PD is considered an acquired inflammatory condition, and this opinion is supported by histopathological examination that shows the existence of perivascular inflammatory processes in the loose connective tissue located between the tunica albuginea and penile erection tissue causing the formation of plaque [4, 7]. One hypothesis is that bleeding within the multilayered tunica albuginea of the corpus cavernosum leads to the infiltration of chronic inflammatory cells by increasing the rate of TGF-β1 (transformation of beta-growth factor-1), and the formation of fibrin tissue. Over time, with chronic inflammation, the fiber elasticity of the tunica albuginea disappears focally at the site of plaque formation, which causes penile curvature when erect .
Although penile fracture is rarely associated with PD, erect penis angulation can cause greater trauma with vaginal penetration and an increased risk of penile fracture . In our patients at the time of surgery, we did not obtain fibrosis plaque on the left shaft penis. This could be because the penis fracture area was precisely the same place as the plaque from PD. It is estimated that PD is present in around 0.3–13.1% men around the world . In German, Minor et al.  reported that the prevalence of the disease among men with a mean age of 57.4 years was 3.2%. A linear trend was observed for the prevalence of the disorder ranging from 1.5% for 30- to 39-year-old men to 6.5% for men > 70 years old .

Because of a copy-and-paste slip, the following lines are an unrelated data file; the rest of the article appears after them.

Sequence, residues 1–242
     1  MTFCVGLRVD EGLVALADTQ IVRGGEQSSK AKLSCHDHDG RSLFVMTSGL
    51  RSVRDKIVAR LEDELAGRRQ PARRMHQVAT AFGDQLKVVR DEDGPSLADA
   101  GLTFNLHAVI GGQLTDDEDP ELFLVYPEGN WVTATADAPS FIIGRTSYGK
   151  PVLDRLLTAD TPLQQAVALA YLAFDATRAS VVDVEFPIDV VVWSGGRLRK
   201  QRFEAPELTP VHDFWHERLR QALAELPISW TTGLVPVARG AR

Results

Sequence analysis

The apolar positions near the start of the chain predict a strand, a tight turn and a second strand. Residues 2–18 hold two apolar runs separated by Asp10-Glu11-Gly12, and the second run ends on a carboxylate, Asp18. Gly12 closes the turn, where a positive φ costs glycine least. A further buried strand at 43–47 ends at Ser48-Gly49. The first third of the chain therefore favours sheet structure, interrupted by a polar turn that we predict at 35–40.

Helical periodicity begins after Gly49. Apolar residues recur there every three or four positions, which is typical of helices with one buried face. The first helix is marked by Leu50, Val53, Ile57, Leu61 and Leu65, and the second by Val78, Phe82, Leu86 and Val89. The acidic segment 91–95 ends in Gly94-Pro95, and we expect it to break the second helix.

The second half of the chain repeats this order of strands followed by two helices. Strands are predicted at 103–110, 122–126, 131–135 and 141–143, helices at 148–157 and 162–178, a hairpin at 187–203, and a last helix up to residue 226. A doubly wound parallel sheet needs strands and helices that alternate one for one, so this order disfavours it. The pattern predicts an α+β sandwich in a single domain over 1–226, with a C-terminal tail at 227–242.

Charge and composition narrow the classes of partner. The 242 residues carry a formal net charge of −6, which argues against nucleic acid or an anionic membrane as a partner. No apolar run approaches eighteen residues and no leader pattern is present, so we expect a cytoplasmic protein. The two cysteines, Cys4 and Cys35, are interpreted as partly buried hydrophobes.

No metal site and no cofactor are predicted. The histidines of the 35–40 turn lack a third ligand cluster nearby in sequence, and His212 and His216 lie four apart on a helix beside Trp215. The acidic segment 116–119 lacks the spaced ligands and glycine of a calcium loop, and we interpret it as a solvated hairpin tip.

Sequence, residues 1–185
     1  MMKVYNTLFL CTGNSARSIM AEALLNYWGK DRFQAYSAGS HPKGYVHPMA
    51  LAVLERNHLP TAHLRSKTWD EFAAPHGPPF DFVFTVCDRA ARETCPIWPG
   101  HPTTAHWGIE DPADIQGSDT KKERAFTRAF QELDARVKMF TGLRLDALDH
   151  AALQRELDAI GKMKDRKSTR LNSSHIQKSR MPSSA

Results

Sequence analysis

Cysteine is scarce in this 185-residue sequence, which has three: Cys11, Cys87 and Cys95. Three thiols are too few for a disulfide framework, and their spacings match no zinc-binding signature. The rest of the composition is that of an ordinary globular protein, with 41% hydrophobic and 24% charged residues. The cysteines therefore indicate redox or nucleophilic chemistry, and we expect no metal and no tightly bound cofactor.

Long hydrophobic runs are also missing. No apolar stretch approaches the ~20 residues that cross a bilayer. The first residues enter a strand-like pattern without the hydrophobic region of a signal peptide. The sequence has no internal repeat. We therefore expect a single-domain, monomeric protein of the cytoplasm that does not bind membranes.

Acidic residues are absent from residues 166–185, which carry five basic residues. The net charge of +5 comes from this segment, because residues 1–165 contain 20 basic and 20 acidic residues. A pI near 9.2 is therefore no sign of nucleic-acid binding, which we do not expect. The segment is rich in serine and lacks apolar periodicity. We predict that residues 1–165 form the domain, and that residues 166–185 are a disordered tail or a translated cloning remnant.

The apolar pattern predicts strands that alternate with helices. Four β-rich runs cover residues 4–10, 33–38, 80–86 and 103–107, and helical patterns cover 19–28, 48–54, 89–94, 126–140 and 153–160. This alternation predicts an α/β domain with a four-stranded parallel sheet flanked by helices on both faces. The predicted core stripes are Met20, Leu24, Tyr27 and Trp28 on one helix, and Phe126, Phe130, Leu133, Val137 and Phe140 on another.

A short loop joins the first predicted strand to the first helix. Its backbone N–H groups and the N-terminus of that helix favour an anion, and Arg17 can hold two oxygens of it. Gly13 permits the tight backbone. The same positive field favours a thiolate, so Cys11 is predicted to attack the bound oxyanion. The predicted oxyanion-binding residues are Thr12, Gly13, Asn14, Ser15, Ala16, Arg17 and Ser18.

Penile fracture is the tearing of the tunica albuginea from the corpus cavernosa . The tunica albuginea is among the toughest of body fascias. (It is able to withstand rupture at pressures above 1500 mmHg.) The tunica albuginea measures 2 mm in a flaccid penis and becomes thinner (0.25–0.5 mm) during erection . Rupture of the tunica albuginea is more likely when the penis erect because the tissue of the tunica albuginea is thinner and vulnerable to a sudden increase in the intracorporeal pressure. The corpus spongiosum and urethrae might also be affected. The tear is mostly unilateral and transverse . However, it is well known that most patients have some unilateral damage to the corpus cavernosum [11, 12]. Only a small percentage have a urethral injury. In fact, in the most extensive series published on this subject, only 5 of 300 patients had evidence of urethral injury .
The etiology of penile fracture varies with the geographical area. In the Western hemisphere, sex is the majority cause of penile fracture cases [9, 14]. In Japan, it was reported that only 19% of penile fracture cases resulted from sexual intercourse, with a larger proportion caused by masturbation and rolling in bed when the penis was erect . Meanwhile, in the Middle East and North African countries, the most frequently reported cause is forced manipulation .